Endogenous monopsony and the perverse effect of the minimum wage in small firms

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16 Scopus citations


The minimum-wage rate has been introduced in many countries as a means of alleviating the poverty of the working poor. This paper shows, however, that an imperfectly enforced minimum-wage rate causes small firms to face an upward-sloping labor supply schedule. Since this turns these firms into endogenous monopsonists, the minimum-wage rate has the perverse effect of reducing employment in small firms as well as what these firms offer their workers. Thus, if there are only small firms, the minimum-wage rate makes all workers that would be employed in the absence of a minimum-wage rate worse off.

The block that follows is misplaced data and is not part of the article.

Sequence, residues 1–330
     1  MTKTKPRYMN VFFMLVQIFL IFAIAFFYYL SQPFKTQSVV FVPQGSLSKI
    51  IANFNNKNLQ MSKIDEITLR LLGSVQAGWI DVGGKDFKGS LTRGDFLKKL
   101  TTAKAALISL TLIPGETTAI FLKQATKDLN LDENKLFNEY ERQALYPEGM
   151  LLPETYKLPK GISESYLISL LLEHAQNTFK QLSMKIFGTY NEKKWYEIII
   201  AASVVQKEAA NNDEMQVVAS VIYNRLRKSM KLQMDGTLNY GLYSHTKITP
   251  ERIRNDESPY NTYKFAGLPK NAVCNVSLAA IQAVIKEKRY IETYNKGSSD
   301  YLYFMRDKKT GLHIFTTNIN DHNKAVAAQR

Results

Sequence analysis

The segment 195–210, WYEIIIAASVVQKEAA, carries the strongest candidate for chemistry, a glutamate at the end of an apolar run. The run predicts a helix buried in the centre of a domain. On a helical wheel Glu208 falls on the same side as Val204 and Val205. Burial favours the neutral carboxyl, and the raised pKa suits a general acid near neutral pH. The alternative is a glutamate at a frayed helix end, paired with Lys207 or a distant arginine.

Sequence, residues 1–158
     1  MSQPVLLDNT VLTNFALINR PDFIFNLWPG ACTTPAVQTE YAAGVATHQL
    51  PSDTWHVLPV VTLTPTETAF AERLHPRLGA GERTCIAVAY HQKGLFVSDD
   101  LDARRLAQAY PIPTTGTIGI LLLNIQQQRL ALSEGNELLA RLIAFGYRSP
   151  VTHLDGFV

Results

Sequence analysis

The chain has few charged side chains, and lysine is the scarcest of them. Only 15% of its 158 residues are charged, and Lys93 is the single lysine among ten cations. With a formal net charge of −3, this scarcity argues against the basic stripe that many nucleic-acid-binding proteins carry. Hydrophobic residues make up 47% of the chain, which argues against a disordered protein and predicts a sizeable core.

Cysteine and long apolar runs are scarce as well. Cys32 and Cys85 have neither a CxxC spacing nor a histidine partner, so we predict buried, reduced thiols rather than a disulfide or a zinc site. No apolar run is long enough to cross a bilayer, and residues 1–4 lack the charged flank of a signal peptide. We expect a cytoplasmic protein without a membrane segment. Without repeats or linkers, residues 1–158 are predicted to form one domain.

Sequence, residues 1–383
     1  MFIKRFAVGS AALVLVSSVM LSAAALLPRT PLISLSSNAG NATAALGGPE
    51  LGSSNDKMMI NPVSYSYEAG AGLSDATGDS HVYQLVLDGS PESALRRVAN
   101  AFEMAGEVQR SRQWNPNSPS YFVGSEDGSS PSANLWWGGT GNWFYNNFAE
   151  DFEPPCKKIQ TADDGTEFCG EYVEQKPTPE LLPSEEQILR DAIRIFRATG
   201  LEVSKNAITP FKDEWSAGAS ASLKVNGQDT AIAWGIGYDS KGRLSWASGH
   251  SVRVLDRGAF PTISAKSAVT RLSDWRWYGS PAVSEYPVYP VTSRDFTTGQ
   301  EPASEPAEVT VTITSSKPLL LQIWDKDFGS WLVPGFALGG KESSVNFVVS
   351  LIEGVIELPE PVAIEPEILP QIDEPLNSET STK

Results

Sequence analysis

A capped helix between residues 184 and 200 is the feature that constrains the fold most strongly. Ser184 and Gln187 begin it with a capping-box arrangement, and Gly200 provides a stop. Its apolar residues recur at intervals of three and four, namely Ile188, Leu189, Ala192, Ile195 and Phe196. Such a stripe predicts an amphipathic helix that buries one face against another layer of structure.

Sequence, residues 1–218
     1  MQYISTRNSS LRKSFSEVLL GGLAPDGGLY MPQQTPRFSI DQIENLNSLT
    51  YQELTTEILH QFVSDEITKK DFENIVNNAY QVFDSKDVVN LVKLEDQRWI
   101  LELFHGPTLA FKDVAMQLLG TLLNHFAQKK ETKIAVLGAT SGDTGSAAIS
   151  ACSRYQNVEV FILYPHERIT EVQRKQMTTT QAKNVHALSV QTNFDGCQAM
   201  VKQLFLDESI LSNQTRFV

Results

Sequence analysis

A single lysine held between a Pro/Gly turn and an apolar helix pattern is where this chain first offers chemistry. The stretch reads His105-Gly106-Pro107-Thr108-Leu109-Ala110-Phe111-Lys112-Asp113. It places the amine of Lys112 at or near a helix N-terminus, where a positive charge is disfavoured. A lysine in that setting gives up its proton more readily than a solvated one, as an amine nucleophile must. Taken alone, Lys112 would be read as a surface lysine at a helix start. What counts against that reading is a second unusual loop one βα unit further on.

Original languageEnglish
Pages (from-to)224-229
Number of pages6
JournalLabour Economics
Issue number1
StatePublished - 1 Jan 2010


  • Endogenous monopsony
  • Minimum wage
  • Noncompliance
  • Small firms

ASJC Scopus subject areas

  • Economics and Econometrics
  • Organizational Behavior and Human Resource Management


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